Expanding Ban on Plastics Chemical is Bad Science
Gov. Arnold Schwarzenegger's (R) decision to sign a statewide ban on phthalates, a chemical found in plastics, follows "a California tradition of misguided, often damaging 'health' regulations," Henry Miller, a physician and fellow at Stanford University's Hoover Institution, writes in a Los Angeles Times opinion piece.
Sen. Dianne Feinstein (D-Calif.) "is eager to expand California's folly to the entire nation," Miller says. Feinstein introduced a bill in the Senate that would ban six types of phthalates in toys, he writes, adding, "Undeterred by the judgment of experts but swayed by a few experiments with rats and a single flawed epidemiological study ... Feinstein's legislation ignores the basic principles of toxicology."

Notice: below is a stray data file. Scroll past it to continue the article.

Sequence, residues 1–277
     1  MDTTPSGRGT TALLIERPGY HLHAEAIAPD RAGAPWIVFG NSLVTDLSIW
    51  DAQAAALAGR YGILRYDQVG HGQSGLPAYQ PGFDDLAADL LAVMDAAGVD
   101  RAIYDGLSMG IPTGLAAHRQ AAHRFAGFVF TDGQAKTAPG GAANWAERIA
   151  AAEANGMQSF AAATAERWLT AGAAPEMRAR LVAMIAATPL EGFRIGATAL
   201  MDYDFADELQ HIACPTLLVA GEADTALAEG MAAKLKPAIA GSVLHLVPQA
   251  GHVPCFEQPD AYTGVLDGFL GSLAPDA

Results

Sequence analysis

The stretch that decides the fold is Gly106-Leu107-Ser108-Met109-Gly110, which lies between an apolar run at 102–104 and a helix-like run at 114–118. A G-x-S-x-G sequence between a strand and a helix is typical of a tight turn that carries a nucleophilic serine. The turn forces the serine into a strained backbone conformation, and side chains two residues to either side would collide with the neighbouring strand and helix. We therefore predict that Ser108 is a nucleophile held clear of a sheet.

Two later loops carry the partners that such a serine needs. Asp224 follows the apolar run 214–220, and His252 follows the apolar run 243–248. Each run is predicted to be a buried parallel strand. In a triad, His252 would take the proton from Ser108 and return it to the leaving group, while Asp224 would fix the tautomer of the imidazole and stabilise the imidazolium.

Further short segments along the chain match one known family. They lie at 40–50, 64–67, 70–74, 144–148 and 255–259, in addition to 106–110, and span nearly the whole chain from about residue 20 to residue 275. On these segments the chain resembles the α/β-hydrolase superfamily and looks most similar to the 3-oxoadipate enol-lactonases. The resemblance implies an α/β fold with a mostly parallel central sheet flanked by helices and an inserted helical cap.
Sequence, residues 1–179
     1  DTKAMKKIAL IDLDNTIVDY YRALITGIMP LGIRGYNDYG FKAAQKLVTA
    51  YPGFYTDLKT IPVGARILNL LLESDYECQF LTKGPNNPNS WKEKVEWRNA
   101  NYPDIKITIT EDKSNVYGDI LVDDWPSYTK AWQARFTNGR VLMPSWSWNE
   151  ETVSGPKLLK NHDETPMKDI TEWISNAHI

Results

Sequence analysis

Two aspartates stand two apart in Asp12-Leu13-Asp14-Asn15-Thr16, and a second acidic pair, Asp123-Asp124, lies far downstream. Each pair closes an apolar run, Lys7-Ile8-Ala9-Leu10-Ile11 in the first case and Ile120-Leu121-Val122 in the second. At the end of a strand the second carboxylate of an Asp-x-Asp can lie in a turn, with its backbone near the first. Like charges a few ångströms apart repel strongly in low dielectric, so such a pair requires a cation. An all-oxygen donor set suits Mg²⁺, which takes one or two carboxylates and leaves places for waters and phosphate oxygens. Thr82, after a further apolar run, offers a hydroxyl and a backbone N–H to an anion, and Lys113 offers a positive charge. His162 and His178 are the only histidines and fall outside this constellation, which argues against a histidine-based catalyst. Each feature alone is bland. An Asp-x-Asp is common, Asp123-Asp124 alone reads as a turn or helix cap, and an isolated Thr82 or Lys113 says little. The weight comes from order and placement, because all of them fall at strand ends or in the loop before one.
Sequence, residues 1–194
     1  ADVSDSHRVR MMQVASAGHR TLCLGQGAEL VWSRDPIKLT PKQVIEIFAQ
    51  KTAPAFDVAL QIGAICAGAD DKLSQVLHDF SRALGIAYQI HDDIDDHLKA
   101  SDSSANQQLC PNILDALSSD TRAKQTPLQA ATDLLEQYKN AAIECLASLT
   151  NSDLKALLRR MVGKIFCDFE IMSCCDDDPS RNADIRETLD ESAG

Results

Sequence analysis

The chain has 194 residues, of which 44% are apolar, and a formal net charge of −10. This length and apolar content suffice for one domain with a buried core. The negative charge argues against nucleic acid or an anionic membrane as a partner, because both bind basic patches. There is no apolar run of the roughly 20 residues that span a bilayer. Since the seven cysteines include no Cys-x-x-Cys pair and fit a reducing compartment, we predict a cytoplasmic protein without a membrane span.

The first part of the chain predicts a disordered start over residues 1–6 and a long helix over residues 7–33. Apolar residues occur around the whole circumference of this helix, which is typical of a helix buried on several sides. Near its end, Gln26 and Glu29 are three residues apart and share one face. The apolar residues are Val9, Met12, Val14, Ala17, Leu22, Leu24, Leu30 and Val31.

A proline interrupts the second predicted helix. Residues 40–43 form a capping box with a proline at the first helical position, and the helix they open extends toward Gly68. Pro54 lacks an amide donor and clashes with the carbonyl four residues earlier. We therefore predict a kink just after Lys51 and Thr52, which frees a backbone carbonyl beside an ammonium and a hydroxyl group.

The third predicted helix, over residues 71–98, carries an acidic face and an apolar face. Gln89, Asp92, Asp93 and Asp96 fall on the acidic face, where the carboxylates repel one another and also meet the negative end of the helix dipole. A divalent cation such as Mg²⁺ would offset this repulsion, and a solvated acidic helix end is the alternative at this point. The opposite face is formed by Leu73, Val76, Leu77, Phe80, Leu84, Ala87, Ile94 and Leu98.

"Numerous studies have shown that human exposure to phthalates under ordinary circumstances is low and harmless," Miller states. He writes that Feinstein's argument is flawed because rat studies often "do not predict effects on humans," and "the mere presence of something in the body does not imply harm."
He concludes, "The public is harmed when lawmakers proscribe the use of a product that has been proved safe and useful ... Feinstein's bill represents bad science, bad law and disregard for public interest" (Miller, Los Angeles Times, 12/18).